CS798 Assignment 1: Painterly rendering

Due date: January 23rd, 2004

Summary

Painterly rendering algorithms create an artistic rendering from a source image (usually a photograph). You are to implement one such algorithm, namely the one described by Aaron Hertzmann in "Painterly Rendering with Curved Brush Strokes of Multiple Sizes", from the 1998 SIGGRAPH conference. A sample rendering from the paper is shown above. The algorithm covers a canvas in layers of strokes of decreasing radius, applying strokes where the canvas differs sufficiently from the reference image. Long strokes can be generated that follow curves of nearly constant colour in the image.

Specification

You should start by reading the paper, available from this page. You'll notice that the paper contains pretty good pseudocode for the core algorithms -- the pseudocode translates readily into a real program.

The next step is to construct an implementation of the algorithm (see below for some notes regarding the implementation). You are required to implement the following aspects of the paper.

Next, you must implement at least one nontrivial extension to your algorithm. This part of the assignment is open-ended, and there are many possible extensions. Ideally, a "non-trivial" extension is one that produces a noticeable, qualitative change to the drawings produced by your system. You should be able to show side-by-side images with and without your extension and convince a stranger that your extension is doing something.

What follows is a short list of suggestions for extensions. You are free (indeed, encouraged) to dream up other ideas. If you're unsure about your idea, or need more guidance, come talk to me.

This part of the assignment is not intended to be overwhelming; it's just a way to get you thinking about what ideas might follow on from the paper. Don't feel you have to wear your fingers down to nubs trying to implement your extension. A proof-of-concept will suffice.

The final step is to produce painterly renderings using your program. You can use any photographs you like; I recommend Philip Greenspun's collection and Freefoto. What's important is that your renderings should clearly demonstrate the features you implemented. At least one image should be rendered a few times with different parameters (see Section 3.1 of the paper) to produce different artistic effects.

What to submit

You need to produce a short write-up describing your implementation and showcasing the paintings you created. Your write-up can either be a PDF document or a web page. Your submission should not contain more than about three pages of text, though you're welcome to make it longer by including lots of pictures.

I would prefer for you to make your submission available on the web and mail me a URL by the deadline. If you would prefer not to do that, mail me the PDF or an archive of the web page as an attachment.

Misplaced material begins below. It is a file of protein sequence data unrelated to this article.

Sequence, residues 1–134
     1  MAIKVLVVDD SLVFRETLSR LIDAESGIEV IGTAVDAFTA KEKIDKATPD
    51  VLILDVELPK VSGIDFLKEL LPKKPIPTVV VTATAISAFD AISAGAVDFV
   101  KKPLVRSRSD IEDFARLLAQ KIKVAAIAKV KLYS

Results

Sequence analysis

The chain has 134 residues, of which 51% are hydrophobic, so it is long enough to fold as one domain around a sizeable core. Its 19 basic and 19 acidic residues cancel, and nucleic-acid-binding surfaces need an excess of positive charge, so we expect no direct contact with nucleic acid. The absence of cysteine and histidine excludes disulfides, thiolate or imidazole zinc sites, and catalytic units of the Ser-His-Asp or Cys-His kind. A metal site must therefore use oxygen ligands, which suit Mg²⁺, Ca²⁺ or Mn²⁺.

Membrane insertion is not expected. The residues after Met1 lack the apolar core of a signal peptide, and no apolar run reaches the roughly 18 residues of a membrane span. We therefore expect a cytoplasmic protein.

You are free to structure your submission as you desire. But it should at least include the following:

You're welcome to include other comments and observations.

By default, I'm not going to look at your source code. But I reserve the right to request it as part of marking if it sounds from your description like there's something worth taking a look at. I also reserve the right to request a live demonstration; this could be important if you create an especially nice interface or a realtime version of the algorithm.

Implementation notes

You're free to construct your implementation in whatever way you like, as long as it can produce the desired final renderings. But for the purposes of this sort of work, not all languages and libraries are created equal. There are a few things you'll need to be able to do with images.

You're encouraged to find implementations of these algorithms out in the world and incorporate them into your program. You are only responsible for the core algorithms described in the paper. If you're not sure about whether it's okay to use some piece of code, ask me.

You don't have to follow the details of the paper exactly. what's important is obtain and render a similar set of strokes. So, for example, you don't need to use the z-buffer to randomize stroke order; it suffices to store up a sequence of strokes in memory and execute them in random order. Indeed, you don't need to use OpenGL at all.

My implementation is written in a style similar to the assignments in CS488 -- a Python interface (for flexibility) with a C++ back end (for speed). The Python Imaging Library makes loading and saving images a snap. PIL_usm is a Python module that provides Gaussian blurring to the PIL. In my C++ code, I render strokes to an image (stored as a character array) using the excellent libart library. If you wanted to turn this sort of implementation into an interactive OpenGL interface, you might also find the PyOpenGL library useful.

Certain important operations in PIL, PIL_usm, and libart are non-obvious and require hard-won knowledge to get working. I've tried to summarize the technical aspects that could help you in two files: painthelp.cpp and paint.py. You can use these files as a skeleton for your own implementation, or steal ideas from them as necessary.

Aaron Hertzmann has also been kind enough to donate some code to the assignment. Mainly, he's providing his Stroke class, which can render coloured strokes using OpenGL triangle strips. Feel free to borrow from the following files: color.h, Point.h Stroke.h, Stroke.cpp.


Craig S. Kaplan Last updated: